Paul Fussell died a week or so ago and I didn’t know until Michele read his obit in Time late last night. Fussell was a writer who I very much admired. Not so much for how he wrote – although he was a very good writer winning a National Book Award and a National Book Critics Circle Award – but for what he wrote about. At a time when most writers glorified war with books like A Band of Brothers, he wrote – in Wartime: Understanding and Behavior in the Second World War and The Boys’ Crusade – about the horror of war, about how people die in war in agony, mutilated, and disfigured. Fussell wrote about a war that was not honorable, a war that is is gruesome.
He knew first hand, having been a front line infantry officer in Europe when the turn over in junior officers was 100% every six months. One story that is burned into my psyche is how his platoon slaughtered a group of trapped Germans. And that was not the gruesome part, the gruesome part was that the story of the slaughter became a joke told to cheer people up when they were down, Remember the turkeyshoot? when we killed all those Germans trapped in the basement?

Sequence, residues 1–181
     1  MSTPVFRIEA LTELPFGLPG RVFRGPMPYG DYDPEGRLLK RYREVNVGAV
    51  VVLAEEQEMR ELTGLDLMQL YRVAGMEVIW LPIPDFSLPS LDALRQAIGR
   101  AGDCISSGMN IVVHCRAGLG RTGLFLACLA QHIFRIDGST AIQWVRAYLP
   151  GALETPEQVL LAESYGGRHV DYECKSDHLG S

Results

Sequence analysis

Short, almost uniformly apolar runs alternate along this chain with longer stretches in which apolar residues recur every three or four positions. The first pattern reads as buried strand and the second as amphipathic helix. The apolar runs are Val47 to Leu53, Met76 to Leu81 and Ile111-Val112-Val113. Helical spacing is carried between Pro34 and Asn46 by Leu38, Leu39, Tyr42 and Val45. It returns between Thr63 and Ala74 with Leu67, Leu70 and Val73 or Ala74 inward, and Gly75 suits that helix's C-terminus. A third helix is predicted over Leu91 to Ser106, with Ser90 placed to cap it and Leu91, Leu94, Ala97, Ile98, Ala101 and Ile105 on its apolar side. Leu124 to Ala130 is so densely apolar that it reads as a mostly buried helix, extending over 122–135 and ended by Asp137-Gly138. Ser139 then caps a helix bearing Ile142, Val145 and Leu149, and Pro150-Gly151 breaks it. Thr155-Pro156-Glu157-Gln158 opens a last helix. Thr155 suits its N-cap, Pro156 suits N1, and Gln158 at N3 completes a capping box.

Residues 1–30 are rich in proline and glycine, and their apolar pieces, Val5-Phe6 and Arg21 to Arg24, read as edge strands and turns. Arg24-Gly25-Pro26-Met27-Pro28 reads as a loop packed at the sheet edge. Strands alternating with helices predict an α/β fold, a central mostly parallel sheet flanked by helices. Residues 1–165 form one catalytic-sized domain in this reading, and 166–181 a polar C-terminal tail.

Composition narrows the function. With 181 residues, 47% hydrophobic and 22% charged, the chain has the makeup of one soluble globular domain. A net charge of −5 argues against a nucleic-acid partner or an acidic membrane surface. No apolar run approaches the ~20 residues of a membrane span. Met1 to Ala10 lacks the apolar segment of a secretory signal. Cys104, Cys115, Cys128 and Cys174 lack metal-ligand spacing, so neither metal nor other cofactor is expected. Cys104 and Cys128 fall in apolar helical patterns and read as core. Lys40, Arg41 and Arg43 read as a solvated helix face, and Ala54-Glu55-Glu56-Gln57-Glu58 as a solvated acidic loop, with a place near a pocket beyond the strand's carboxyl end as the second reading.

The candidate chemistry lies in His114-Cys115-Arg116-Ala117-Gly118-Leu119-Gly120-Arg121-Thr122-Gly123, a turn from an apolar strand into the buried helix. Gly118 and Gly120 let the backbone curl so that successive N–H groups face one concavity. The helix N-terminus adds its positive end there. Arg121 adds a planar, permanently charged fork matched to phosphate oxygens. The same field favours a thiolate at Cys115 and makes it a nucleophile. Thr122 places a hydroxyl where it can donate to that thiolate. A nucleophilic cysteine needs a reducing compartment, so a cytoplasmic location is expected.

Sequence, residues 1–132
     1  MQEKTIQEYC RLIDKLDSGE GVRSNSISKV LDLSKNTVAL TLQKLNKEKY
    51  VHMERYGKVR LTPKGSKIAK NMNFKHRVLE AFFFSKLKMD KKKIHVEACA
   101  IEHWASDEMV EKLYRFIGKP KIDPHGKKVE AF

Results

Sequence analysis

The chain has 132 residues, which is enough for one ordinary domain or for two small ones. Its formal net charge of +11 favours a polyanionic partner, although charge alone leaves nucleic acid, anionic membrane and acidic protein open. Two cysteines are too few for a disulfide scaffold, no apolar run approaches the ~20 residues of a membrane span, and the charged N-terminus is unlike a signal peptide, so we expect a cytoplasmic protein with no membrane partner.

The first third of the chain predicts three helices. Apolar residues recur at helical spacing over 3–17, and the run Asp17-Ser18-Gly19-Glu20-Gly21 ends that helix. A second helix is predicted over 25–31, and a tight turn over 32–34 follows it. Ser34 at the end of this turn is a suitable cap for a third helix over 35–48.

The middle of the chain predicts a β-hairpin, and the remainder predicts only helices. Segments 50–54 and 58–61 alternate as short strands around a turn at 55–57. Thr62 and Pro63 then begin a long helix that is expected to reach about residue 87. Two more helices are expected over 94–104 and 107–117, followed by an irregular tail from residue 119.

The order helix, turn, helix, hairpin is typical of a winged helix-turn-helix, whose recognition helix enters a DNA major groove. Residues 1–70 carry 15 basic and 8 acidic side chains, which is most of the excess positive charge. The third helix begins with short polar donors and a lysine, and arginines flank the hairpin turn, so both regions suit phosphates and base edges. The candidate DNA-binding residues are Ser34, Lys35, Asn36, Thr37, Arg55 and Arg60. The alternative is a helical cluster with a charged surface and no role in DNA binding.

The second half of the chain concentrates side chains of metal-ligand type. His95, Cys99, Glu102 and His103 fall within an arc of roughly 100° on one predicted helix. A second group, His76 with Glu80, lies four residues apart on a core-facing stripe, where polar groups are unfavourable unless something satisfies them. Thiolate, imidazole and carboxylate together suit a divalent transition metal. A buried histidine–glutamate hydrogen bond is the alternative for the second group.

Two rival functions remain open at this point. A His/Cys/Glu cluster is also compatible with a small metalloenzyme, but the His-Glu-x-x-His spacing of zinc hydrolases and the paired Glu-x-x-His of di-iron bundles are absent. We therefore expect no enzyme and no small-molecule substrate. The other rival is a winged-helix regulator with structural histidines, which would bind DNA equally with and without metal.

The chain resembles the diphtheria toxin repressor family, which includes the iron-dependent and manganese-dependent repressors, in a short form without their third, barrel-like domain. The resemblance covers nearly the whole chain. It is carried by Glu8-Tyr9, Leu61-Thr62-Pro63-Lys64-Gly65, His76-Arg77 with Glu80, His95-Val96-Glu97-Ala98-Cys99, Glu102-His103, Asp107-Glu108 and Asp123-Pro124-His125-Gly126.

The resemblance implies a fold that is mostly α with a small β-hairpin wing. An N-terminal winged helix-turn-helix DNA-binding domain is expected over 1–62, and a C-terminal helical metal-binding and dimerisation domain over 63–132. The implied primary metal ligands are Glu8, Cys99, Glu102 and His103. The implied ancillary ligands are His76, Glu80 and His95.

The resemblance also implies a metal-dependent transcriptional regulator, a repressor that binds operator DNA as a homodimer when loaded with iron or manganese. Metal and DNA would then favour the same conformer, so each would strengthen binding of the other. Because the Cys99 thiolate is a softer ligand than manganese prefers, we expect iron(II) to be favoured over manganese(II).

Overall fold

Fussell also wrote about Class in America, a topic I know by personal experience to be taboo. His book Class: A Guide Through the American Status System is a classic and, even twenty years after it was written, still dead on.
I won’t say that I will miss him – like I miss David Foster Wallace – but I am saddened that he is no longer with us.